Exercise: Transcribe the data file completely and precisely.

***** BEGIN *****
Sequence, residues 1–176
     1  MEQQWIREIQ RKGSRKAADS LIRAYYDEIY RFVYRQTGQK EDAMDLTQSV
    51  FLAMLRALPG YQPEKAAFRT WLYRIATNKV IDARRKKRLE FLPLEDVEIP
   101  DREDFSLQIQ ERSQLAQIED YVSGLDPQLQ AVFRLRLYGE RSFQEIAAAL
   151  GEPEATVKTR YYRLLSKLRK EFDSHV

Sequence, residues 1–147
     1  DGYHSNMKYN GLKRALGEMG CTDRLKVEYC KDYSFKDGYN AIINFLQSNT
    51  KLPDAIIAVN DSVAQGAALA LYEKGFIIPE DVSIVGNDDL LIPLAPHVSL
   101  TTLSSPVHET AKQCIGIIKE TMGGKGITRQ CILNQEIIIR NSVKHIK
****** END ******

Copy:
Sequence, residues 1–176
     1  MEQQWIREIQ RKGSRKAADS LIRAYYDEIY RFVYRQTGQK EDAMDLTQSV
    51  FLAMLRALPG YQPEKAAFRT WLYRIATNKV IDARRKKRLE FLPLEDVEIP
   101  DREDFSLQIQ ERSQLAQIED YVSGLDPQLQ AVFRLRLYGE RSFQEIAAAL
   151  GEPEATVKTR YYRLLSKLRK EFDSHV

Sequence, residues 1–147
     1  DGYHSNMKYN GLKRALGEMG CTDRLKVEYC KDYSFKDGYN AIINFLQSNT
    51  KLPDAIIAVN DSVAQGAALA LYEKGFIIPE DVSIVGNDDL LIPLAPHVSL
   101  TTLSSPVHET AKQCIGIIKE TMGGKGITRQ CILNQEIIIR NSVKHIK